Overdrive is usually a naturally occurring clipping of the signal. It is often created by turning the volume up too loud on the gain stage of the amp, or by using a gain-boosting pedal that makes the signal too hot going into the amp or another pedal. This will oftentimes drive the later stages of the amp too hard and the signal will begin to clip, or chop off the parts of the signal that are too loud. This distorted sound is oftentimes a warm, pleasing tone that also adds a little compression to the signal. Continue reading “Distortion – Understanding How Guitar Effects Work”
If you don’t know a Low Frequency Oscillator is, think of a clock and a light bulb . When the hand is on the 12 the light is all the way Off, as the hand moves past 1 the light begins to turn on; when the hand is on the 6 the light is all the way On and starts to turn off again as it moves past 7 back to Off at 12. This cycle repeats indefinitely, and you usually control how fast the clock spins. This is basically what is happening internally with each of these effects.
Continue reading “Modulation – Understanding How Guitar Effects Work”
Delay is created in many ways, including electronically, using springs, (Bucket Brigade), in addition to tape (like in a cassette tape or audio reel).
Delay is a very common effect that creates an echo of the original signal. Delay can often be set to very short time, creating a “guitar doubling” effect, or it can be set for very long times creating a “Grand Canyon” type echo. It can also usually be set for a single echo or “Slap Back,” or for multiple or even infinitely repeating echos. Take a look at the MXR M169 Carbon Copy Analog Delay, or Boss DD-7 Digital Delay Pedal.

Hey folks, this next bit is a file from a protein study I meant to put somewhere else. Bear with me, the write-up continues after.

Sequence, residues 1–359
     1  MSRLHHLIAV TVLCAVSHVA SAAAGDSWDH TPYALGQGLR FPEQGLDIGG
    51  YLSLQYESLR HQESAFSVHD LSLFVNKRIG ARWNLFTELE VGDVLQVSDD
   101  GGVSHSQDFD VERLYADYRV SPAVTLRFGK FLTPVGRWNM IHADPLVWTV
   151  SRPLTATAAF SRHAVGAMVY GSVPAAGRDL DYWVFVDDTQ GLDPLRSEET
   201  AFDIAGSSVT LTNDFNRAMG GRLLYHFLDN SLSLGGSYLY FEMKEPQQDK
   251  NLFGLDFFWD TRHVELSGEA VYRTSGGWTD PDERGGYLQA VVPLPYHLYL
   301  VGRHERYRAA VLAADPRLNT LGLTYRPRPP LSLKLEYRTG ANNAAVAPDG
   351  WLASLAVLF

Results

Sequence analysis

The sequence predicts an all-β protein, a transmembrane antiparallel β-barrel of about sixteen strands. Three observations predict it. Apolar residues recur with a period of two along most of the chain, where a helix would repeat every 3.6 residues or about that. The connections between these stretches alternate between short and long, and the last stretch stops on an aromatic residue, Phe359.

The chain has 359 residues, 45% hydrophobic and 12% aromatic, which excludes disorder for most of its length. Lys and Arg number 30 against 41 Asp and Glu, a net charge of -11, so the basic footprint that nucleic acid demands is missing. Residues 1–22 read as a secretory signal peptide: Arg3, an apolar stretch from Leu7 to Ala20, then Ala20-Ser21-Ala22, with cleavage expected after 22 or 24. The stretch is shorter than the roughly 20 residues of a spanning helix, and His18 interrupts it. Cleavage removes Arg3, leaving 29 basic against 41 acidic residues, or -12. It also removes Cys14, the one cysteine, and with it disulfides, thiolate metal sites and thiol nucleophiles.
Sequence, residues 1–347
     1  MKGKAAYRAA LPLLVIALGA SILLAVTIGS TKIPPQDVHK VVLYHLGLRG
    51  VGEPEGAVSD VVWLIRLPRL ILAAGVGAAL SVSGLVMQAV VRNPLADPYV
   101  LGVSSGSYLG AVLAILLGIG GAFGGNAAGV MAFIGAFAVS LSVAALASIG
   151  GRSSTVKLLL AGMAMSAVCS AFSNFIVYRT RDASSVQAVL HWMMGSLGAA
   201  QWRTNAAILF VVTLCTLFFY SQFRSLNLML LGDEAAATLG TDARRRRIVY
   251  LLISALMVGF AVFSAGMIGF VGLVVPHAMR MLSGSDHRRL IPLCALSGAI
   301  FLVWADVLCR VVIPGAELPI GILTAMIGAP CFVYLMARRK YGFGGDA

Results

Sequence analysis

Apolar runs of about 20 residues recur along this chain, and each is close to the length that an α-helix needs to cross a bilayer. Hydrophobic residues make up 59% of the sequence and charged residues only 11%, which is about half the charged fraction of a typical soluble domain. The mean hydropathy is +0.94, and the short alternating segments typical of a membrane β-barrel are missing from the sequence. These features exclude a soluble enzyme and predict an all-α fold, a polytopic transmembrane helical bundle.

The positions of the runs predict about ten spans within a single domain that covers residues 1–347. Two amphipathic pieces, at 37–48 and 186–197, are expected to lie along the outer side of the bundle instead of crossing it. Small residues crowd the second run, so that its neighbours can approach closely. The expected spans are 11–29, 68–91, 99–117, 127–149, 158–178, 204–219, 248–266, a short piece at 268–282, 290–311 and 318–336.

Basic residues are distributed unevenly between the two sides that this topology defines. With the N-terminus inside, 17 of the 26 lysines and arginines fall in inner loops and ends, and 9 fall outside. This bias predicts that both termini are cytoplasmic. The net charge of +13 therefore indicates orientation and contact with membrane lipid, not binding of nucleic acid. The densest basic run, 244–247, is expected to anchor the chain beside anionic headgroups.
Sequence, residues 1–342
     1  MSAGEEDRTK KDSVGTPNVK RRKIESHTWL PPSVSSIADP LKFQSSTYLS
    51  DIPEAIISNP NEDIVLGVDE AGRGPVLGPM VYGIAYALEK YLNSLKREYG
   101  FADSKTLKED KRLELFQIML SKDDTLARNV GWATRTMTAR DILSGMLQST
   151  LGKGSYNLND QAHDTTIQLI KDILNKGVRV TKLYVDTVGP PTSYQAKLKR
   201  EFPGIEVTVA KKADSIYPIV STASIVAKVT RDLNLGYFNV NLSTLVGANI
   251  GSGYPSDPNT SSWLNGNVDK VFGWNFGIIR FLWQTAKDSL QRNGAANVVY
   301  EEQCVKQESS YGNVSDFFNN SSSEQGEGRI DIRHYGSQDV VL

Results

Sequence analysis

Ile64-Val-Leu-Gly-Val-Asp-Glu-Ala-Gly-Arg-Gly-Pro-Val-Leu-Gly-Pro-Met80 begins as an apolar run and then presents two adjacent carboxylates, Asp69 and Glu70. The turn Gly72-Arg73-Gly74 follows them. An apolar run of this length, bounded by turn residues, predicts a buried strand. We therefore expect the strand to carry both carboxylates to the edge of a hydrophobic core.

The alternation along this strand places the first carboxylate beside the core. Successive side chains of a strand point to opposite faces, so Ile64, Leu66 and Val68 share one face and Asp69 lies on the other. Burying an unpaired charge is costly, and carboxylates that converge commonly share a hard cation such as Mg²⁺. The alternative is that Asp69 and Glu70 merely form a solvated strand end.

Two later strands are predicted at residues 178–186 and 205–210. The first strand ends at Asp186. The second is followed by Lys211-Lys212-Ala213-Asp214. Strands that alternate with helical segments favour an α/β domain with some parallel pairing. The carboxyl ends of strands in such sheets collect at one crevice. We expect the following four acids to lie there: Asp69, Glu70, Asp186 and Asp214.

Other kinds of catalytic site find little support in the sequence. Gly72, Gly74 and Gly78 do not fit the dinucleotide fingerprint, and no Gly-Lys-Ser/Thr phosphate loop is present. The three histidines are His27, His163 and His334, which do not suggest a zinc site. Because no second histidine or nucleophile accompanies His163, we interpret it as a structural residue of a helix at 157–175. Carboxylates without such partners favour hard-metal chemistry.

Continue reading “Delay – Understanding How Guitar Effects Work”
Equalizers are one of the most common effects in this category and you can find an Equalizer almost everywhere that you find a Volume Control. It is built into your amp, your mixing board, almost everywhere you look. EQs work by using different values of Capacitors to target a certain range of frequencies, and a slider or Volume knob to “Turn Down” (filter to ground) those frequencies. Most EQs are passive, meaning they can only turn down the volume of the frequencies that they target.
Continue reading “Filter – Understanding How Guitar Effects Work”